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Non institutional social work is intended for a child, the child’s parents or other guardians in situations when the child’s rights for a safe and inspirational growth environment, for balanced and versatile development and for special protection is not fulfilled, or there is reason to suspect that this right is not fulfilled.

In India the international Magna Carta for Child Rights i.e United Nations Convention on Child Rights 1989 (UNCRC) was ratified on 11 December 1992 agreeing in principles on Child Protection. In 2006 the Ministry of women and Child Development (MWCD) proposed the adoption of the Integrated Child Protection Scheme (ICPS).In 2009 ICPS was formally launched for providing children with a protection and safe environment for development. The basic purpose of ICPS is to provide to the children a system of protection in all vulnerable circumstances and to reduce the situations and actions that lead to abuse,neglect,exploitation, abandonment and separation of children .When we talk about Jammu and Kashmir  a memorandum of understanding was signed between the government of Jammu and Kashmir  and Government of India in 2013 for the implementation of child protection system and to start a J&K chapter of ICPS.

Under the scheme there are various services that can be provided under the umbrella of ICPS like institutional care services, non institutional care services and other statutory support services.

In the non-institutional care service, under the ICPS, the following services are provided:

  1. Adoption:Adoption is a process through which a child who is permanently separated from biological parents because her/his parents have died, or have abandoned or surrendered her/him, becomes a legitimate child of a new set of parent(s) referred to as adoptive parents with all the rights, privileges and responsibilities that are attached to this relationship.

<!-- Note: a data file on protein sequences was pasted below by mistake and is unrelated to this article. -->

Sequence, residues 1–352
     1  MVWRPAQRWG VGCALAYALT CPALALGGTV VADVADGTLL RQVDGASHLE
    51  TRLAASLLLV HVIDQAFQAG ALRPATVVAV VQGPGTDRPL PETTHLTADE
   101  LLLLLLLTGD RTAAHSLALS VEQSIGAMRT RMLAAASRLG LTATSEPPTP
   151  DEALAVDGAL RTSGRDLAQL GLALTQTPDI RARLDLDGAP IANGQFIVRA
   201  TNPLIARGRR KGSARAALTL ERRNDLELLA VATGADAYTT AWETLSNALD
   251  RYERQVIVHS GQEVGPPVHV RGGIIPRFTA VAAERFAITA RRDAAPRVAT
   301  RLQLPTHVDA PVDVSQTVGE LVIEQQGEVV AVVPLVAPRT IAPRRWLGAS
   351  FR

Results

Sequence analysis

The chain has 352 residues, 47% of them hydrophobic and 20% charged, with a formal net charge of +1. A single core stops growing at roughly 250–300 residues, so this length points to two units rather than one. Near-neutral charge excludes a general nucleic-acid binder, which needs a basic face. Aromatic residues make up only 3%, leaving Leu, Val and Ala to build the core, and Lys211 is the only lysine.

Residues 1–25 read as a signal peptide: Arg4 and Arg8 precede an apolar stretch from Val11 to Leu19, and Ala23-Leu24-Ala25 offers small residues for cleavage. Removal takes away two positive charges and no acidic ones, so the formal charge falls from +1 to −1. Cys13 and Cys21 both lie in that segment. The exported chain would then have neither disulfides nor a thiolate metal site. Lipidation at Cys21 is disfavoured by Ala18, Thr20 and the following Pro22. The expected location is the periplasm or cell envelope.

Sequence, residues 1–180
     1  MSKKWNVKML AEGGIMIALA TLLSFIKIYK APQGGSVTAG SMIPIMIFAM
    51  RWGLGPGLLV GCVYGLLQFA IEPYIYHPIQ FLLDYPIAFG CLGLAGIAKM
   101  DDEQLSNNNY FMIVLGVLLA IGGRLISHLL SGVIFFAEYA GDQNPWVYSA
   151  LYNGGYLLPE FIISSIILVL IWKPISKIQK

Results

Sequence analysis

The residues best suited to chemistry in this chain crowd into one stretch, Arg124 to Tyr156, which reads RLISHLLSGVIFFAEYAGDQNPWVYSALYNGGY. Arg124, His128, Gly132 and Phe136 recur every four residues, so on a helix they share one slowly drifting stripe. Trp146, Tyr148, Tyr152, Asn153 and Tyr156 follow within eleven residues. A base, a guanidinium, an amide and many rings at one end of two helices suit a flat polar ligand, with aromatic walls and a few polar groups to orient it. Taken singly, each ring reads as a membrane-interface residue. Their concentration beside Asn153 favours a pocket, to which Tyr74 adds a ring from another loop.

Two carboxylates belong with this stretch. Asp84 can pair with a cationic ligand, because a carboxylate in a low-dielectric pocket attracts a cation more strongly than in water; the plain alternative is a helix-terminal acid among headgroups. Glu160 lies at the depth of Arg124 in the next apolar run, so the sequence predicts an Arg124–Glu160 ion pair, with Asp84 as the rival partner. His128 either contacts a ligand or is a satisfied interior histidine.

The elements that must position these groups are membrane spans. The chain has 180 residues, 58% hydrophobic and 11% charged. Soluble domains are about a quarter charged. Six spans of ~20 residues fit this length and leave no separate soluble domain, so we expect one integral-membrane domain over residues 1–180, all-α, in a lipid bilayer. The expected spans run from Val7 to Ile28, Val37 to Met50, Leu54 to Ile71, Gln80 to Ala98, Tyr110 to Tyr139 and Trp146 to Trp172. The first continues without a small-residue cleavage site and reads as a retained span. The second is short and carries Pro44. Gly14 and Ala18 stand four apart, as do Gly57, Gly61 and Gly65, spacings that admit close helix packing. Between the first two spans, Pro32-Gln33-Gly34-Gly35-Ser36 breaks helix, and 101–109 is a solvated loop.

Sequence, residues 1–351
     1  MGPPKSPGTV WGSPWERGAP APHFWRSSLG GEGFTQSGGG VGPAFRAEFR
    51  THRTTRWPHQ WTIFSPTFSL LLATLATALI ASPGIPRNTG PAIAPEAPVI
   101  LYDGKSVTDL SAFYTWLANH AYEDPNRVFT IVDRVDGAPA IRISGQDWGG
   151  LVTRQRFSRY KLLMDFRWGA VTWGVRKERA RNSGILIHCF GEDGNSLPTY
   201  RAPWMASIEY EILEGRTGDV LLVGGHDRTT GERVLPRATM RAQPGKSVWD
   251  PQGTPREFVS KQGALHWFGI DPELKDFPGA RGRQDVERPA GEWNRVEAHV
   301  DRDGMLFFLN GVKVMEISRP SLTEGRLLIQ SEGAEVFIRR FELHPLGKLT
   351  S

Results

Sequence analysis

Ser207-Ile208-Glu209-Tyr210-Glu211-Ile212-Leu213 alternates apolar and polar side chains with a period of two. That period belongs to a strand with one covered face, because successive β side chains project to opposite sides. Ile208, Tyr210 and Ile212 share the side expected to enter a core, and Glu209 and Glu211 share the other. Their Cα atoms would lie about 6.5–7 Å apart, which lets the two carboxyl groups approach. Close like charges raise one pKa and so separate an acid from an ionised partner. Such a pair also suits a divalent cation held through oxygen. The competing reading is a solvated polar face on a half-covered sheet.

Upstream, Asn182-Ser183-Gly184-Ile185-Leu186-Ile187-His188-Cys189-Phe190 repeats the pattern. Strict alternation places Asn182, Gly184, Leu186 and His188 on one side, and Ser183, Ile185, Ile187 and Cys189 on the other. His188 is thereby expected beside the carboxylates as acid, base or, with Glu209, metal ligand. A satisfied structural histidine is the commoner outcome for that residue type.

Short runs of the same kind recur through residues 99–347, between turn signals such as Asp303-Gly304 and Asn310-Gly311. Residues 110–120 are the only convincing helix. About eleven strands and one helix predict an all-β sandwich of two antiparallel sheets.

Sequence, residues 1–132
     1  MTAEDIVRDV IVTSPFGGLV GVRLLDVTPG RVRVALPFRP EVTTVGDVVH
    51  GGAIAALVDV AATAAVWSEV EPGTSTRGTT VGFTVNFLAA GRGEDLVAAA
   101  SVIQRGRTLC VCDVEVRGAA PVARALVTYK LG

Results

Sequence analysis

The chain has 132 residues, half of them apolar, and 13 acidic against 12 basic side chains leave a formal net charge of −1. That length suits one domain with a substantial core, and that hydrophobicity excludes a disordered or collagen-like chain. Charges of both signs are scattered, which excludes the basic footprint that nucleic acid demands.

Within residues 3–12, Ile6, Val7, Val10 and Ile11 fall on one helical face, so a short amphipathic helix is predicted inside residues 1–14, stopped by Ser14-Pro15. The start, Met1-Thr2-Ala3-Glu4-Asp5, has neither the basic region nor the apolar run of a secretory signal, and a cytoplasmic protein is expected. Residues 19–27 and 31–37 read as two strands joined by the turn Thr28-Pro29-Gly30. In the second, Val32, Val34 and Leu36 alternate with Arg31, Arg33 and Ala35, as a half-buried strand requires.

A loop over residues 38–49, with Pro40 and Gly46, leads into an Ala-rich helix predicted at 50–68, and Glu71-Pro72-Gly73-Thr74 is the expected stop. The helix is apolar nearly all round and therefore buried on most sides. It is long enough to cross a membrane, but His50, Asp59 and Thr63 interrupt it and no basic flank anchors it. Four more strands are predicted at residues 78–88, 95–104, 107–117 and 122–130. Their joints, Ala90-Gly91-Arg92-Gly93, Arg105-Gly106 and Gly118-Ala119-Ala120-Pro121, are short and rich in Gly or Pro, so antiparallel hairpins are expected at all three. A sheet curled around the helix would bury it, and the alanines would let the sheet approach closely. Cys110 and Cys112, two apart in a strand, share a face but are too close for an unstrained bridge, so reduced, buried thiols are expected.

2. Sponsorship:Many children are at risk of abandonment, exploitation, neglect and destitution because of poor socio-economic conditions of their families. Poor families often place their children into institutional care as a poverty coping measure. In many other cases children run away from their families because of abuse and/or exploitative conditions and often do not want to be reunited with their families. Hence, they are placed in institutions. As a result, large numbers of children are forced to spend their lives in such institutions. It is an accepted fact that institutionalization of children should be the last resort and the family-based non-institutional care is a better option. The Government of Jammu and Kashmir realizes the importance of reintegrating, to the extent possible, institutionalized children into families. To that end, individual cases of children in institutions is being periodically reviewed and the reintegration into their biological family(ies) is being facilitated with necessary support and supervised financial assistance.
  3. Foster Care:Fostering is an arrangement whereby a child lives, usually on a temporary basis, with an extended or unrelated family member. Such an arrangement ensures that the birth parents do not lose any of their parental rights or responsibilities. This arrangement caters to the children who are not legally free for adoption, and whose parents are unable to care for them due to illness, death, desertion by one parent or any other crisis. The aim is to eventually re-unite the child with his/her own family when the family circumstances improve, and thus prevent institutionalization of children in difficult circumstances.
  4. After-Care Programme:The J&K Juvenile Justice (Care and Protection of Children) Act 2013 provides for institutional care for juveniles in conflict with law and children in need of care and protection up to the age of 18 years. However, most of the children in care have nowhere to go once they reach the age of 18 years and are discharged from their institutions. In addition, as empirically observed, institutional life does not prepare children well for life outside an institution. They are unable to sustain themselves and are easily affected by negative influences. There is therefore need to prepare these children to sustain themselves during the transition from institutional to independent life. The District Child Protection Society is mandated to develop an after-care programme for such situations. Based on case to case basis, a JJB/CWC can order/recommend placement of a juvenile/child in the after-care programme.

The introduction of ICPS in J&K has unleashed a new dawn of child protection in the State with the central objective of establishing a systematic institutionalization of several statutory and service delivery structures for the future of the children. It is expected that once this mission takes off fully, ‘Happy Childhood’ might  not be a distant dream in the otherwise conflict ridden state of J&K.


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